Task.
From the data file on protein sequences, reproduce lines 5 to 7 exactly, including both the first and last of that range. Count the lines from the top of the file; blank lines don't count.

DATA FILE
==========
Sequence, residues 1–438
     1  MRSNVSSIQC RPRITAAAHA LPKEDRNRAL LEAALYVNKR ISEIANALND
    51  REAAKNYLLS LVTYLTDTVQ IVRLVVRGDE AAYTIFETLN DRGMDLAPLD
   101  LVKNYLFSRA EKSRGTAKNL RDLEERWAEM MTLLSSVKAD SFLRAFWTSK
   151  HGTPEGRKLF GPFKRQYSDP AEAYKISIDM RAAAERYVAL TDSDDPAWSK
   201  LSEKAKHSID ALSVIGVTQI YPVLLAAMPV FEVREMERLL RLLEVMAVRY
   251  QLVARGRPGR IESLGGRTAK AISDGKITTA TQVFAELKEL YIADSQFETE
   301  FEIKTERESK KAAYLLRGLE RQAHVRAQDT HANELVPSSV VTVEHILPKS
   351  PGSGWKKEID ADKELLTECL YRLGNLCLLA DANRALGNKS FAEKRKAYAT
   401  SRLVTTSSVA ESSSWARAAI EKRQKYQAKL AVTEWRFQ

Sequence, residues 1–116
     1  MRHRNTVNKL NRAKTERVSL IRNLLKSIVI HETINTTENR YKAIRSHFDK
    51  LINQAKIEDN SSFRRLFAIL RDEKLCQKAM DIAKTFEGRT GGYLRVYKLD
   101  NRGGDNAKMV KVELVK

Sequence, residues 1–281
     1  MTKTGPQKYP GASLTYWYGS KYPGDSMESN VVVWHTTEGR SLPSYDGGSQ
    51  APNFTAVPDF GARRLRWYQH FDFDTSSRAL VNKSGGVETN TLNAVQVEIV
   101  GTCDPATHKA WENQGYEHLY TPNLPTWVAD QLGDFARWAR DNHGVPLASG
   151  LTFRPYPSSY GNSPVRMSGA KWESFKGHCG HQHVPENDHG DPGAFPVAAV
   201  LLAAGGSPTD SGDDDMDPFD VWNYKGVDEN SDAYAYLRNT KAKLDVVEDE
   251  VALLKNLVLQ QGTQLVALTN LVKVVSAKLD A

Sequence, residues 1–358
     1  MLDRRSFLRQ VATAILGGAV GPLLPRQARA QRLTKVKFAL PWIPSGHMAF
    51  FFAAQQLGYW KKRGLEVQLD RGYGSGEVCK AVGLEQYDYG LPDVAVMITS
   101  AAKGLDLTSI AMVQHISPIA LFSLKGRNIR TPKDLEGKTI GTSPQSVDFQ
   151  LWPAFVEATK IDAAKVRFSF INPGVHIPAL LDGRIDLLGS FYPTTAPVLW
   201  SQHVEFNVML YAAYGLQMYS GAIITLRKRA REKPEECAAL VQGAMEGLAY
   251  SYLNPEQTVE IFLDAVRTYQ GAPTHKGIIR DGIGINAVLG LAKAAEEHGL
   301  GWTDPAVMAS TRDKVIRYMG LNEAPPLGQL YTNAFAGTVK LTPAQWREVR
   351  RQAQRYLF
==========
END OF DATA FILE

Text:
   151  HGTPEGRKLF GPFKRQYSDP AEAYKISIDM RAAAERYVAL TDSDDPAWSK
   201  LSEKAKHSID ALSVIGVTQI YPVLLAAMPV FEVREMERLL RLLEVMAVRY
   251  QLVARGRPGR IESLGGRTAK AISDGKITTA TQVFAELKEL YIADSQFETE